Explained: Regional Comprehensive Economic Partnership (RCEP)
The largest trade agreement in the world and its impact on participating economies
By Usanas Foundation
What is RCEP?
The Regional Comprehensive Economic Partnership (RCEP) is a free-trade agreement between ten Association of South East Asian Nations (ASEAN) nations and China, Australia, New Zealand, South Korea, and Japan. The pact is touted to be the world’s largest Free Trade Agreement. The goal of the partnership is to allow for the ease of access to the market and reduce trade tariffs among its member nations across the Asia-Pacific region. The drafting and negotiations of RCEP have been ongoing since 2012. Members of the RCEP makeup nearly a third of the world’s population and account for almost 30% of the GDP.
What are the broad RCEP provisions?
The central focus of the RCEP is to have a ‘Unified Rule of Origin,’ a standard practice to ease customs clearance. RCEP is expected to help the technically advanced member nations such as Australia, Japan, South Korea to increase investment in the lesser-skilled labor concentrated, low-cost manufacturing and processing hubs such as Myanmar, Cambodia, and Laos. As per John Hopkins University projections, RCEP will add USD 186 billion to the global economy The RCEP members will yield the benefit of the availability of cheap goods as investment moves from high-cost nations to low cost, and reduced trade tariff is aimed at accelerating the exchange of goods and services. Even after Twenty nine rounds of negotiations, there is no consensus among member states on E-commerce regulations, cross-border-data flow, or data transmission.
Why has RCEP been criticized?
One major criticism of REP is that it is industry-focused, i.e., the interest of big companies such as low-cost production and market access are the primary focus of RCEP. It does not provide any unified labor protection or environmental protection regulations and guidelines. It was a major concern for India, as it echoed in India’s Minister for Commerce and Industry’s earlier statement concerning RCEP that “India can not allow few industries to hijack the country’s national interest.” Eventually, in the subsequent year, India withdrew its membership from RCEP to protect and safeguard its domestic market from dumping.
Also, China is a key member of the RCEP and seemingly the most significant powerhouse in the region, giving it an unfair advantage in its influence in the rules of trade in the Asia-Pacific region. It raises alarm bells; in India, there is a fear that domestic farmers could potentially be walloped in the bargain. It has also been observed that the RCEP falls short in terms of the sheer depth and robustness of other trade agreements such as the Comprehensive and Progressive Agreement for Trans-Pacific Partnership (CPTPP) of which the US is also a part, or the United States Mexico-Canada Agreement (USMCA). Although the RCEP stands as the largest trade agreement in the world today, it involves 15 nations that are at different stages of development and internal economic priorities. Smaller, more economically vulnerable nations can potentially run the risk of their local economies being entirely overrun by their larger, more expansionist partners, namely China, which faces no competition or opposition from the US.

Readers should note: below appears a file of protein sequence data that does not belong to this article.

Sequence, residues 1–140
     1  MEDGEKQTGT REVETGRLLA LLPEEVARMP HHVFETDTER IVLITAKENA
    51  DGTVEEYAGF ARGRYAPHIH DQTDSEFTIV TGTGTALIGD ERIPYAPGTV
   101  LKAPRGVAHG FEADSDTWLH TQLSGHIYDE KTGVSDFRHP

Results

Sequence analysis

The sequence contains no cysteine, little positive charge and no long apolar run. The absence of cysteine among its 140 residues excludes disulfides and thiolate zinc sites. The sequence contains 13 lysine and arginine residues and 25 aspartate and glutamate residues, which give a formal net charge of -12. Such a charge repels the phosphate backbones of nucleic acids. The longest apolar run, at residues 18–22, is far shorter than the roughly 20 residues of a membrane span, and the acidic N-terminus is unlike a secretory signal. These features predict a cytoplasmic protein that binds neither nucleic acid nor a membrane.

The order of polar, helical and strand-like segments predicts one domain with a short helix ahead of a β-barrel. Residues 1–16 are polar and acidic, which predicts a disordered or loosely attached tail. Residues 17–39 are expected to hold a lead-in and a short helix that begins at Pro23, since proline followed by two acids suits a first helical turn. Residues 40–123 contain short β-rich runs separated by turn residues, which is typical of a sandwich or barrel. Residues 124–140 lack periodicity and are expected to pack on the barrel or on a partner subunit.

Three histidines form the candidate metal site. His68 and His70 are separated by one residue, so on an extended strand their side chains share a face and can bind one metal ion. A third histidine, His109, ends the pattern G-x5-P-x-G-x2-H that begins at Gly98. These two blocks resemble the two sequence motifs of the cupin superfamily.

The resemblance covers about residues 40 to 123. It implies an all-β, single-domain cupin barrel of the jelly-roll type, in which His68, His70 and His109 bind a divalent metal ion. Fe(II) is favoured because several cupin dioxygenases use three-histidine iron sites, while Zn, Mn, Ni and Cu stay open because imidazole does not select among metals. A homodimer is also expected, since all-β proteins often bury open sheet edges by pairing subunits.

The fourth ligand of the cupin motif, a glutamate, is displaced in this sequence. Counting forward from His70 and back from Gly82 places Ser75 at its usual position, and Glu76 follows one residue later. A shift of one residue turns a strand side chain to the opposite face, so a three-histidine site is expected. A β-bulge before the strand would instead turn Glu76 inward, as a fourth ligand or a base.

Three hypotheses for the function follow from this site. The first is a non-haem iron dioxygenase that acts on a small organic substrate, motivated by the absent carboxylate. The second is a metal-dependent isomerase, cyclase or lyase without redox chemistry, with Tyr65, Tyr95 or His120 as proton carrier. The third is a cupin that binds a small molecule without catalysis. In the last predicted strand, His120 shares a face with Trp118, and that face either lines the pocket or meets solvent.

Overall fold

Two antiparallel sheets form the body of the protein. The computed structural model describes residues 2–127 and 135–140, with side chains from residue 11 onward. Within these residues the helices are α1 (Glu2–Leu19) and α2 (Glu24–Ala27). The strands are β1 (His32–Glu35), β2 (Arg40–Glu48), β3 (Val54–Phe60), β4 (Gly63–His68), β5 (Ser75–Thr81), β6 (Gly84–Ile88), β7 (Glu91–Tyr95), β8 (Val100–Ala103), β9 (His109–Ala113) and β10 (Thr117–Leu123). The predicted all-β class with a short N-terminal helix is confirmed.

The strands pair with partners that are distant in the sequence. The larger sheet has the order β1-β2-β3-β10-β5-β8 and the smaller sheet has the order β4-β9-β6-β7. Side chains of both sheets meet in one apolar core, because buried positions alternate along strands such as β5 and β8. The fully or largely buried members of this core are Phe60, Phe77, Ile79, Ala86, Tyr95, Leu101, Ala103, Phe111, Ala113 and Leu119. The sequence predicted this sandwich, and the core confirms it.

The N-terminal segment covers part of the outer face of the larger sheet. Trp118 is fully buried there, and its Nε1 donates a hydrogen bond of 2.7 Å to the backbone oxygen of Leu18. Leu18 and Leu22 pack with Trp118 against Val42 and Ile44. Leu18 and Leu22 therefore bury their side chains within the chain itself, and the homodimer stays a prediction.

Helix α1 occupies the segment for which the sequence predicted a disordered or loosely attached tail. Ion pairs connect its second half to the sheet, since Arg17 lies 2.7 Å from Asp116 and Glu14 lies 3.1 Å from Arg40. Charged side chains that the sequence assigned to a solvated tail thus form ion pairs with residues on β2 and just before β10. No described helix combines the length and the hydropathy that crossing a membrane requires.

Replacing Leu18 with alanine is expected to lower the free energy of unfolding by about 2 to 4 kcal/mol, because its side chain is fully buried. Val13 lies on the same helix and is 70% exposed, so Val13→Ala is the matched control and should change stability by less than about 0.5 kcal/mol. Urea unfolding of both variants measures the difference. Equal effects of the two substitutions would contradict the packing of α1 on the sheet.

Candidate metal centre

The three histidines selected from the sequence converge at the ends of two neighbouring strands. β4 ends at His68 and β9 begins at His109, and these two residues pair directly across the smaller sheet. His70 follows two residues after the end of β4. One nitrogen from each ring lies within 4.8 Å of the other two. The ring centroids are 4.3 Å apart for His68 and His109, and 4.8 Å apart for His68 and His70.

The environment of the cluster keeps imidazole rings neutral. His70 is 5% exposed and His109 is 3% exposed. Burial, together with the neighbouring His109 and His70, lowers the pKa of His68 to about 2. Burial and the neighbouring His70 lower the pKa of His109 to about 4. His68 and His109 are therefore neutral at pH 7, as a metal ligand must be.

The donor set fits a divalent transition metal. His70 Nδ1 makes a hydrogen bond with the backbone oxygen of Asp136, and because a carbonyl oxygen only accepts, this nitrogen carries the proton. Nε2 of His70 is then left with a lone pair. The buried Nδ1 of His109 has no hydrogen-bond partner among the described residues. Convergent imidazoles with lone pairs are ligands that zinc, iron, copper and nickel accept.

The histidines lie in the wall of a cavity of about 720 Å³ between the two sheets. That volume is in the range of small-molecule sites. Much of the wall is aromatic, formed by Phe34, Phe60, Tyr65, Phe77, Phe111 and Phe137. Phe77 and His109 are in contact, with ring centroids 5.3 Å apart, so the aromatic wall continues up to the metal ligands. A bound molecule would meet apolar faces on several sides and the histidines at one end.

Why has India opted out?
It paves the way for the dumping of cheap products into the Indian market, affecting the large-small and middle-scale producers and manufacturers. In 2019, when negotiations failed, India’s Prime Minister Narendra Modi stated that his conscience does not permit him to join the RCEP, he said, “The present form of the RCEP Agreement does not fully reflect the basic spirit and the agreed guiding principles of the RCEP. It also does not address satisfactorily India’s outstanding issues and concerns. In such a situation, it is not possible for India to join the RCEP Agreement.” India also feels that the issues surrounding ‘Country of origin’ are not comprehensively dealt with by RCEP regulations. Various civil society bodies, members of the agriculture, dairy, textile associations expressed strong opposition to RCEP. India’s concerns over RCEP mainly revolve around the trade deficit with China and the fear of big Multi-National Corporations’ profit model where farmers are paid a pittance. In this regard, it makes no sense for India to remove tariffs on sectors such as agriculture and dairy. Further, it appears to be in sync with India's new approach of 'Atma Nirbhar Bharat' which implies 'economic self-reliance,' aimed at promoting indegneous manufacturing. However, for the skeptic ones, it is resonant of protectionism; perhaps a throwback to India's old socialist days.
India’s departure will not impact the RCEP, as the remaining 15 countries will implement the provisions in 2021. Although the provisions will be frozen with regards to India, the doors of the RCEP will remain open for India to rejoin at any given time, as affirmed by Australian Prime Minister Scott Morrison. Additionally, India can participate in the RCEP meetings as an ‘observer.’
(With inputs from Shahana Joshi, Fellow, Usanas Foundation)